Effective Monday, Daddy Daycare scaled back to a half-time operation. That’s right: The kids won.
To be fair, the decision was two-fold. First, we happened to find a home daycare that’s run by a former school counselor and mother of twins. She lives in our neighborhood, doesn’t charge during the summers, had room for our 11-month-old twins and was willing to take them on a half-time basis to coincide with our 3-year-old going to preschool. It was too good to pass up. Still, we wouldn’t have been looking for help if I hadn’t started to crack under the pressure of taking care of my three youngest children on top of working full-time with only occasional help from a rotation of nursing students.
But I was losing it. I’m not proud to admit that, having come from the kind of family that thinks there’s no such thing as too much responsibility. Plus, these are my kids, not someone else’s; and having lost a child I genuinely attempt to enjoy being with them.
It’s just that the years of sleep deprivation – things have been out of sorts since our first set of twins was born (and then separated by death) in 2010 – and the demands of my job as a beat writer and the medical needs of our 3-year-old and the challenges of keeping up with mobile twins got to be too much. I’d started to mutter obscenities at an unhealthy pace. I’d see my wife for a few minutes at a time, most of which was spent comparing notes on what was ingested and expelled to that point in the day. I’d become more anti-social than usual, leery of having, say, a single beer with a friend for fear that it would make me tired to the point of no return.
To be clear, being able to take care of my kids is excellent from a bonding and financial standpoint. It makes up for some of the nights and weekends that I’m gone for work and for some of the money that I don’t make by being a journalist. I took care of our now 9-year-old daughter one day a week when she was a newborn and felt pushed to the limit by it; I never could have imagined handling three kids in diapers on an every-weekday basis.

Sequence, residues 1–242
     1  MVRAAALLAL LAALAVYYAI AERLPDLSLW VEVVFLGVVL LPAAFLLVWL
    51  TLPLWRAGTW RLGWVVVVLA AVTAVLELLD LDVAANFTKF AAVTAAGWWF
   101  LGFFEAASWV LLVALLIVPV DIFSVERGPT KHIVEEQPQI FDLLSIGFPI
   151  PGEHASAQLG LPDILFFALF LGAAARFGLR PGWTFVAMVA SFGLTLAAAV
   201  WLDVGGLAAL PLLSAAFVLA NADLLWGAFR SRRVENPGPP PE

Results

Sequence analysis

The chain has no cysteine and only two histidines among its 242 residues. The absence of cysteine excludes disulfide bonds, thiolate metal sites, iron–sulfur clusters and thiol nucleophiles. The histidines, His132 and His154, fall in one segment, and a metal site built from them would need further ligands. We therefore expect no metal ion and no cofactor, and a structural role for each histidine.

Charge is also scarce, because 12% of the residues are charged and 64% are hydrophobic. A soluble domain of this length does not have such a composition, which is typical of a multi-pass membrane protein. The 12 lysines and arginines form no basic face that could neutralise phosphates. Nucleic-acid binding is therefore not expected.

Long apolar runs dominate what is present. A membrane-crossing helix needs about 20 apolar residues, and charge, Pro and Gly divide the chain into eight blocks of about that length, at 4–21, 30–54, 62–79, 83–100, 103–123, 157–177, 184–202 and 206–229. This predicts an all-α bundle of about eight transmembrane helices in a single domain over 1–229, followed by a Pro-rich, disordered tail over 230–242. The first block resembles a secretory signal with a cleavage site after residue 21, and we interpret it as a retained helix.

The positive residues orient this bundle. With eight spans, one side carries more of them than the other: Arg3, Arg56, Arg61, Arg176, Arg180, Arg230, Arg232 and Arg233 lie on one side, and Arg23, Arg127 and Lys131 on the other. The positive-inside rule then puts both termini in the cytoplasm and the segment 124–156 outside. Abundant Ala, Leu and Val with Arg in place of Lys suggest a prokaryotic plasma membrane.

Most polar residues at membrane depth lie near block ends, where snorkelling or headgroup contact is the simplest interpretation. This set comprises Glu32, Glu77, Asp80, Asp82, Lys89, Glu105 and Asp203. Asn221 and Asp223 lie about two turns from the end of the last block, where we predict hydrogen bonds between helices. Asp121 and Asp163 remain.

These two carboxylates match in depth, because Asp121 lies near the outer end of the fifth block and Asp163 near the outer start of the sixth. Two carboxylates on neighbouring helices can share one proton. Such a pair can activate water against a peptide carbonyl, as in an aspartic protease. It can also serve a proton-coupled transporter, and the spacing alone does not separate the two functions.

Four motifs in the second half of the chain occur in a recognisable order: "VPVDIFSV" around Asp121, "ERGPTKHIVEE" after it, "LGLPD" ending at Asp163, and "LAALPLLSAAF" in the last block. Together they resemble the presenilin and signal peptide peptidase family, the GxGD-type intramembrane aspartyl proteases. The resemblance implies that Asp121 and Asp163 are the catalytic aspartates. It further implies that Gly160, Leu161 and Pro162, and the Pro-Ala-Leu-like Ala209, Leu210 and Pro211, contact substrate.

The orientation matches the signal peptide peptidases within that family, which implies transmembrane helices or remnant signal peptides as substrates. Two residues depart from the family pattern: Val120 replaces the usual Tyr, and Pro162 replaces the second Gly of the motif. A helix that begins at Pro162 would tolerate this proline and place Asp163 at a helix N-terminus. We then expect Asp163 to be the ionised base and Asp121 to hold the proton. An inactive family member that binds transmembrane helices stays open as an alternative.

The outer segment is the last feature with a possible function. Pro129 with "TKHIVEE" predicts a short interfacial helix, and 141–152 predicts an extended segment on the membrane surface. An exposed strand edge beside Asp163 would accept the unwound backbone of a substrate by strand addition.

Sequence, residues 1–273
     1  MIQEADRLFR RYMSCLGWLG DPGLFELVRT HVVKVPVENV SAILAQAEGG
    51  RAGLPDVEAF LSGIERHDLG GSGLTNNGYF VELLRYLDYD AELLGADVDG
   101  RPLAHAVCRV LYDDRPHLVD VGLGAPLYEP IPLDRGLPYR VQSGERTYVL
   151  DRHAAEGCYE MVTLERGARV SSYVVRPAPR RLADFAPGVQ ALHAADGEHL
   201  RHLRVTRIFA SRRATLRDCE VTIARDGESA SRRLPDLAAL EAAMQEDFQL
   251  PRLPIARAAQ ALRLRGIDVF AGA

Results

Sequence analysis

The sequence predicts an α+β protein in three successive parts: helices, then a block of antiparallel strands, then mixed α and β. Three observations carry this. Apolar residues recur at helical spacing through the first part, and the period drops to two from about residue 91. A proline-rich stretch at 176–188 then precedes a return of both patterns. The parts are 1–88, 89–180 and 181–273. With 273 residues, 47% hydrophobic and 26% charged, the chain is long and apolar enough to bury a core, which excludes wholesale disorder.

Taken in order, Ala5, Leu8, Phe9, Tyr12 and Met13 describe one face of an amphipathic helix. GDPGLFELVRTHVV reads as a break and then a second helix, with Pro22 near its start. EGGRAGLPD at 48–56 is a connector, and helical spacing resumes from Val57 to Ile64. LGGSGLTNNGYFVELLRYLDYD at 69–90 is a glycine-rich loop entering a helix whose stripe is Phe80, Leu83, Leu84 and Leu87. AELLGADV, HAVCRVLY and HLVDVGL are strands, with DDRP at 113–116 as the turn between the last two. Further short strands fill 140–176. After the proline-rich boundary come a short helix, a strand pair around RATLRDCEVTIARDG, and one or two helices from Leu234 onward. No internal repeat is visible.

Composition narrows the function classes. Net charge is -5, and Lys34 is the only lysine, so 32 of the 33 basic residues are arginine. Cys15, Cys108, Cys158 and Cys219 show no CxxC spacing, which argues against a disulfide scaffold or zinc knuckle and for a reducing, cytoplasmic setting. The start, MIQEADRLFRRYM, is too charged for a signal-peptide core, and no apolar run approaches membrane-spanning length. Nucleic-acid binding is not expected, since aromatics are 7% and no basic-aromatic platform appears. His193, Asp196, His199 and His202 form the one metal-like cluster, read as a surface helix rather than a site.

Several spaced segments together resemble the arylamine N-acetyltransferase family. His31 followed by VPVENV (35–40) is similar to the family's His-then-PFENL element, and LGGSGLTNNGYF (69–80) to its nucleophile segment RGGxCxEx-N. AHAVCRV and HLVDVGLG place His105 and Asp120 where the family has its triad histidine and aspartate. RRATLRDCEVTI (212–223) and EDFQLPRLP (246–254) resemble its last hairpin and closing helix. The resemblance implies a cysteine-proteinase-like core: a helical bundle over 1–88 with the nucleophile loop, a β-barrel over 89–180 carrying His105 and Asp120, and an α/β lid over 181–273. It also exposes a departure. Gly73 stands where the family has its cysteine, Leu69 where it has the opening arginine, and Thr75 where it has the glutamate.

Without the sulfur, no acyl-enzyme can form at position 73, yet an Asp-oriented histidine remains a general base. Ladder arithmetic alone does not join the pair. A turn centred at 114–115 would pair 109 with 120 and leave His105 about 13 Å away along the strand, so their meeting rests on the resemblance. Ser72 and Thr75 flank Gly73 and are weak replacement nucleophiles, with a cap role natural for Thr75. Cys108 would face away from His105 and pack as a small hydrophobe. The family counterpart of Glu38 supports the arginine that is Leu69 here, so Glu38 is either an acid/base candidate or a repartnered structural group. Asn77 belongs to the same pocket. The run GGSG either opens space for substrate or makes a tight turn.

In my opinion, the toughest part is enduring the crying. There is a reason that some governments (allegedly) use recordings of bawling babies as a method of torture in interrogations. It really can make you crazy, especially when accompanied by two actual babies clawing at your ankles, tugging on your shorts and pulling out your leg hairs. Sometimes the third tyke is driven to tears by the antics of the twins – that’s complicating because she’s got lung/feeding issues related to extreme prematurity and is a threat to puke whenever she cries.
I’m an anxious person to begin with, and my brain locks up when bombarded by needy little people. I’ve come to learn that babies really are babies; they have no patience and don’t respond well to being told to “chill out” or “keep your pants on.” Likewise, they’re not great at picking up on patterns. No matter how many times I wash their hands after a meal, they object as if I’m doing something foreign and vile. It’s like, hey, man, don’t you know the drill by now? No. No, they don’t. Give me a quiet kid with a dirty diaper any day of the week.
Fittingly on Monday, the start of their new halftime daycare adventure, Taylor knocked over the recycling can in the kitchen and began to rummage through it like a raccoon. I’m not going to lie – that made the first drop off a little easier. Plus, twins means never being alone, right? Except it doesn’t account for being exposed to – and freaked out by – a couple of house cats. All in all, we were told that they did OK on Day 1, fluctuating between scared and not over the four hours they were away.
At pick-up time, Taylor dove into my arms and did the whole relieved-cry thing. It was endearing in a way that it wouldn’t have been if she’d been with me all day, refusing to nap or eat or stop playing with the carbon monoxide detector. Also, the twins were super stoked to get home, scurrying off to slobber on familiar toys. I feel like they learned an important life lesson about appreciation and it’s only Day 1. (Maybe I did, too.)
The hope is that they’ll advance socially, I’ll inch toward being sane – or at least reasonably rested – and our family circus will settle into a more manageable routine. We’ll see. Ideally, I could have my cake and eat it, too, but that might not be the healthiest decision for me or my family.